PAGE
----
Preface by Sam pitroda (to be confirmed)








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titrePreface by Sam pitroda (to be confirmed)
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date de publication21.01.2020
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The differences between the industrial and knowledge societies


Many concrete differences between the industrial society and the knowledge society are obvious, but let’s examine them in greater detail. Specifically, let’s look at the differences with respect to the following subjects.

  • Power

  • Structure

  • The role of the CEO

  • Secrets… and patents

  • Management

  • Trade and sharing

  • Trade and competition

  • Creation of economic value

  • Measurement of value

  • Definition of “economy”

  • Symbolism of money

  • Definition of “work”

  • Social inclusion

  • Role of culture

  • Sustainability of progress

  • Sustainability among intangible assets

  • Society goals
        1. Power


We are currently looking at a progressive but fundamental toppling of the power. To realise this is not easy, at least as long as we were forever convinced that the power resides in possessing capital and technology. Today, this “evidence” is shaky. More and more, at least in innovative and growing sectors, human creativity in networks is becoming the key to success. Why otherwise talk of “human capital “—recognizing that the human, wrongly labelled as capital, cannot be managed in the same way as the financial capital?

In the knowledge society, the challenge is to produce new knowledge by communicating and filtering, intelligently and creatively, data and information to produce knowledge. It is true that computers can facilitate this process, but the human individual contribution is central and indispensable. As much as man could be replaced by machine in the industrial society, here he becomes again absolutely indispensable. This transformation is so rapid and fundamental that it is difficult to notice.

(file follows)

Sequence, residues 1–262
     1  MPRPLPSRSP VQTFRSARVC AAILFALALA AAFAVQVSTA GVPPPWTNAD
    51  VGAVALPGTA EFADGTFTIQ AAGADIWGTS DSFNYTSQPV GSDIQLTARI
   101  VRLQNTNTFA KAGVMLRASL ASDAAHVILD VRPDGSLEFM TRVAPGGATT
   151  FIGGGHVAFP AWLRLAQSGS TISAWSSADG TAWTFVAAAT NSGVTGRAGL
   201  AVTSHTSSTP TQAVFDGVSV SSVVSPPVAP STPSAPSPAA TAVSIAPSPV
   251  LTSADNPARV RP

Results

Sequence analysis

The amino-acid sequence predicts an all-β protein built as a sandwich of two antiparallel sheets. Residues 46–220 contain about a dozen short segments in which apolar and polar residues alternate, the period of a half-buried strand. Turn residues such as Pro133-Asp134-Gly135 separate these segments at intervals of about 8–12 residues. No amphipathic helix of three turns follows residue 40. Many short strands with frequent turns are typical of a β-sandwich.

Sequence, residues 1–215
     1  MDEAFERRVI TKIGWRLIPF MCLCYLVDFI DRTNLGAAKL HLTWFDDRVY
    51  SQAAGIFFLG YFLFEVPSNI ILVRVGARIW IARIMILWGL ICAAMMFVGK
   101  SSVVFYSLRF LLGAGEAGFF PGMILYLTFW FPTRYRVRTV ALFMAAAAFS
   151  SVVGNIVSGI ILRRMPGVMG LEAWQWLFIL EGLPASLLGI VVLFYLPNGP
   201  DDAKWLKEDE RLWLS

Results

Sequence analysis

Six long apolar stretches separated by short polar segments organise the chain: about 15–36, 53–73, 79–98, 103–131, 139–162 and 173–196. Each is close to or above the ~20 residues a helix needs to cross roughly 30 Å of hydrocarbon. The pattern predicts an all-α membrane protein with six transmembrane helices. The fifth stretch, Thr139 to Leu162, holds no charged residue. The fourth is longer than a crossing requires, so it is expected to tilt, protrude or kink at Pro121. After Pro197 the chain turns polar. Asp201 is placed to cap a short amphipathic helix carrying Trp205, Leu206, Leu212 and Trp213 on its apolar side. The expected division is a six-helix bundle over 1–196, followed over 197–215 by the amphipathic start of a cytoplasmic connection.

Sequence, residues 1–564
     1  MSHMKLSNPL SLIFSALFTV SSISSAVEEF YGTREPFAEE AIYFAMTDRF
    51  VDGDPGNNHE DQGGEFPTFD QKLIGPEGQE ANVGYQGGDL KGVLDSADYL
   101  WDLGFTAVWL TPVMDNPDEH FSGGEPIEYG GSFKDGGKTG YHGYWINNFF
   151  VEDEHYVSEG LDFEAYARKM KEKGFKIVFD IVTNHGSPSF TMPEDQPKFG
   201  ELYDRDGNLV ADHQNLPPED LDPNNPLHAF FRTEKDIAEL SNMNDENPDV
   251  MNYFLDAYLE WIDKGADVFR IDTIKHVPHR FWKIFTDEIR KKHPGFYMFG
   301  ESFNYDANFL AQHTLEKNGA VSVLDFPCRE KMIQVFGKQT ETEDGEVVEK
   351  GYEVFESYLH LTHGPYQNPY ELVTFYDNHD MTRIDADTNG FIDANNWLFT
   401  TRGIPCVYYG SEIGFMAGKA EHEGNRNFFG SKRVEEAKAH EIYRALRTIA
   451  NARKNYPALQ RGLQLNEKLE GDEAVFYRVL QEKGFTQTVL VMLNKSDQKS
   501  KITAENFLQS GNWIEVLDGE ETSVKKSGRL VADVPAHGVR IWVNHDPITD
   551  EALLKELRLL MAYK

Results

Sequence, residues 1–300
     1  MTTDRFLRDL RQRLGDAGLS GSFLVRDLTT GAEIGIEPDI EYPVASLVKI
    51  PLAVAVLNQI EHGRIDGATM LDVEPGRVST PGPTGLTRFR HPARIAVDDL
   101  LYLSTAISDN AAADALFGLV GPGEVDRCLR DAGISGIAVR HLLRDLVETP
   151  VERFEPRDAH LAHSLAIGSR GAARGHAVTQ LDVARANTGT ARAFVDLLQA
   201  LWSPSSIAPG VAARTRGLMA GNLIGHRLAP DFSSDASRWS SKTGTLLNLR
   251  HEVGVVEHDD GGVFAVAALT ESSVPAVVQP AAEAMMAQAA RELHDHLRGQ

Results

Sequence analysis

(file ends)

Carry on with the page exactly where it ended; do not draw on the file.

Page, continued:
It is possible, however, to also envision using those new technologies to manipulate and domesticate the human brain—to begin with the feeblest and the poorest. This is the negative scenario that I will examine in Chapter 8.
        1. Structure


Our current structures are almost all pyramidal, whether we realise it or not. We do not even pay attention to them anymore, they are so “normal.” We have been in patriarchal structures for thousands of years now and are not even conscious, anymore, that we are in them. And we only become aware of the fact when the need arises to create a new organization. Then we notice how many natural tendencies we still have toward the pyramid—at least men (in their great majority) do. But within the last few years, pyramidal structures have begun to show themselves as problematic—as much in business as in politics, international organizations, religions, trade-unions, NGOs, etc.

The knowledge economy cannot function in pyramids. It requires flat network structures wherein information can move in all directions, because the new mechanisms of value creation require it. To produce new knowledge, one needs creative humans. And for them to remain creative, they need to be in a network where they can exchange knowledge and where interactions can take place from all sides and all directions. Through interaction, knowledge progresses and develops. There is no other way. We are at the heart of the mechanism of creation of value. Knowledge is like love. The more it is exchanged, the more it is received.

The only really prosperous businesses that survived the financial shocks of the last few years are those that were transformed from pyramids to networks. It is for this reason that we are leaving the pyramidal society… silently but very quickly.
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